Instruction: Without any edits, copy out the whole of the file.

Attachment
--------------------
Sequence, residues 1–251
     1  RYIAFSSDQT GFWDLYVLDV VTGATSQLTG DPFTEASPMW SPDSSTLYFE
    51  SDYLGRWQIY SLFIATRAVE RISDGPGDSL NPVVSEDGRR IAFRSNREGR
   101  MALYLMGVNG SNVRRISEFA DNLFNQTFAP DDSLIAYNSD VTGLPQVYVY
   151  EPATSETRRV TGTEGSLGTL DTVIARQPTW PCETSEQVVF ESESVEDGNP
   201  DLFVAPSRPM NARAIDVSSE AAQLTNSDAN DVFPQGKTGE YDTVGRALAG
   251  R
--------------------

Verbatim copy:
Sequence, residues 1–251
     1  RYIAFSSDQT GFWDLYVLDV VTGATSQLTG DPFTEASPMW SPDSSTLYFE
    51  SDYLGRWQIY SLFIATRAVE RISDGPGDSL NPVVSEDGRR IAFRSNREGR
   101  MALYLMGVNG SNVRRISEFA DNLFNQTFAP DDSLIAYNSD VTGLPQVYVY
   151  EPATSETRRV TGTEGSLGTL DTVIARQPTW PCETSEQVVF ESESVEDGNP
   201  DLFVAPSRPM NARAIDVSSE AAQLTNSDAN DVFPQGKTGE YDTVGRALAG
   251  R